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Jerry Zezima: The Curse of the Zezbino

Jerry Zezima, Tribune News Service on

Published in Lifestyles

I will never get into the National Baseball Hall of Fame unless I buy a ticket. That’s because my batting average in Little League was lower than my weight and my winning percentage as the manager of my daughters’ softball team was just as bad.

But even though mighty Jerry struck out countless times, memories of my misadventures on a field of screams came racing back like a fastball I could never hit when I took a recent tour of Fenway Park in Boston.

Fenway is the home of my favorite team, the Red Sox. Opened in 1912, it’s the oldest ballpark in the major leagues and features the game’s most iconic structure, the 37-foot-tall left field wall called the Green Monster.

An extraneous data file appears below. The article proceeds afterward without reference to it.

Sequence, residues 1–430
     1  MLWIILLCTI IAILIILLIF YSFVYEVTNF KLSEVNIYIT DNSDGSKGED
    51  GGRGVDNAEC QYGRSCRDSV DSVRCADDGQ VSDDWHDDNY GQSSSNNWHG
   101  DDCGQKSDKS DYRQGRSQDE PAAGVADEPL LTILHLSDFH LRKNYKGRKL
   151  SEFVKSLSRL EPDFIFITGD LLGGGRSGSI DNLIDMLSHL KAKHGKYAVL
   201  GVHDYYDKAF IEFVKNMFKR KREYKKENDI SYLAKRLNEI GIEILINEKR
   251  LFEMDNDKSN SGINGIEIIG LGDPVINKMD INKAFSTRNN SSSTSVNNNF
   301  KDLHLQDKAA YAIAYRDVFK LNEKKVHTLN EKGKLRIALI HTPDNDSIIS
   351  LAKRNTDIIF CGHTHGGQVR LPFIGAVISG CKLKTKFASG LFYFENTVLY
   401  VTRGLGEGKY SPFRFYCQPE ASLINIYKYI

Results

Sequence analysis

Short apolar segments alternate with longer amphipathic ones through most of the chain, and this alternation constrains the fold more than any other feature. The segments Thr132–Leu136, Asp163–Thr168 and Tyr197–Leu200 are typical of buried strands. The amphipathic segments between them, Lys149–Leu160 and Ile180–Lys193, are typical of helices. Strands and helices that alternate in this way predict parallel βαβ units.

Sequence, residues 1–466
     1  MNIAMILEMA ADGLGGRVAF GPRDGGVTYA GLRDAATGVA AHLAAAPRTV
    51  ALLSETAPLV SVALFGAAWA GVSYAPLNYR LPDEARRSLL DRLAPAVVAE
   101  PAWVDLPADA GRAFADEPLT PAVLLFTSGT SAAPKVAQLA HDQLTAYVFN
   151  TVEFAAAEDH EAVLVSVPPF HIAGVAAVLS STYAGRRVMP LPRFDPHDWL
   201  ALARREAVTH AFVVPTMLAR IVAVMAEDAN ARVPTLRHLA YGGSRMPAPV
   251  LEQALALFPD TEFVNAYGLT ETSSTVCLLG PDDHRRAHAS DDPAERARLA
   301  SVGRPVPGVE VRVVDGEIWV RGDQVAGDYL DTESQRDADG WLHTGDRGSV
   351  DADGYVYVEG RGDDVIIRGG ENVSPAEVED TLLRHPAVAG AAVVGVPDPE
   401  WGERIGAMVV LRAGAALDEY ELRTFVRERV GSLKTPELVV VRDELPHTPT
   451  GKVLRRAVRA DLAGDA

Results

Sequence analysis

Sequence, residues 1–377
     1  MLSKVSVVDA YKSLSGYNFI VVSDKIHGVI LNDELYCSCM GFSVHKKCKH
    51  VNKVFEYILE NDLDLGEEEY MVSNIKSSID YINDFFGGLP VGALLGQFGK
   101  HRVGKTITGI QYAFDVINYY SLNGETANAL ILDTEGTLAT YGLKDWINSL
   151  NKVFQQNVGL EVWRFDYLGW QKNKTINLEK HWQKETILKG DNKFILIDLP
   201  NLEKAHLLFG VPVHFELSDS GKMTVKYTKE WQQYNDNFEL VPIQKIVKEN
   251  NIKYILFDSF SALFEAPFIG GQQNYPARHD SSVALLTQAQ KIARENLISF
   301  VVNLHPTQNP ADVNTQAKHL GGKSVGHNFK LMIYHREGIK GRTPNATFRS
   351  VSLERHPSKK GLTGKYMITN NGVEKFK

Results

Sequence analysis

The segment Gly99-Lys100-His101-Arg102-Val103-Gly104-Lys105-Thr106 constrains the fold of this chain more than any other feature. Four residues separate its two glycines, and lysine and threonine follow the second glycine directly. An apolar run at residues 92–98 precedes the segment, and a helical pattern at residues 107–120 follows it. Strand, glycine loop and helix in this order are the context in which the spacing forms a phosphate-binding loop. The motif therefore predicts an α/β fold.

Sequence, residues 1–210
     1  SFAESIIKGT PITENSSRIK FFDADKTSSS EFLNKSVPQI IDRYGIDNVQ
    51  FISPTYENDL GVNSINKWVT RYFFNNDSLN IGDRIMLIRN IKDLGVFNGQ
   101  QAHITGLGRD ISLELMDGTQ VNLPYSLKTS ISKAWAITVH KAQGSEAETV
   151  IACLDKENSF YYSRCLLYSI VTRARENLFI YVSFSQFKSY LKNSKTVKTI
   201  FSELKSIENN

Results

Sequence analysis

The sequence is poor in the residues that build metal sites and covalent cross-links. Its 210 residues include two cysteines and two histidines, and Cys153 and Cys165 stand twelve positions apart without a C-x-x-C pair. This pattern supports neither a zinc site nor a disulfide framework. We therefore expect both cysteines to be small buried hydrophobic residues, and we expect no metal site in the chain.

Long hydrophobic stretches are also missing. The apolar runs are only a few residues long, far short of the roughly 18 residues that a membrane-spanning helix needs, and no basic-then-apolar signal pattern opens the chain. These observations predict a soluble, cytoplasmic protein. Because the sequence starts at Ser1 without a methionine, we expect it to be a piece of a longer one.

“It’s pronounced Monstah,” said Dave, our tour guide. “In Boston, there are only 25 letters in the alphabet. There’s no R.”

Naturally, he pronounced it “Ah.”

Dave regaled the group with stories, including “The Curse of the Bambino,” wherein the Sox, who won five World Series titles between 1903 and 1918, sold their star player, Babe Ruth, to the New York Yankees, beginning a championship drought of 86 years that was finally broken in 2004.

 

As Dave spoke, I thought back to my pathetic athletic career, which should be dubbed “The Curse of the Zezbino.”

It began in Little League, where I was the worst player on a bad team. One year I didn’t get a hit, although I was almost hit by a pitch when I squared around to bunt. Instead of putting my left foot on the outer edge of the batter’s box, as a right-handed hitter is supposed to do when bunting, I put my right foot on the other side of home plate. The ball whizzed past my ear.

“You could have been hit in the head!” the umpire shrieked.

“Then we would have needed a new ball,” the opposing catcher said.

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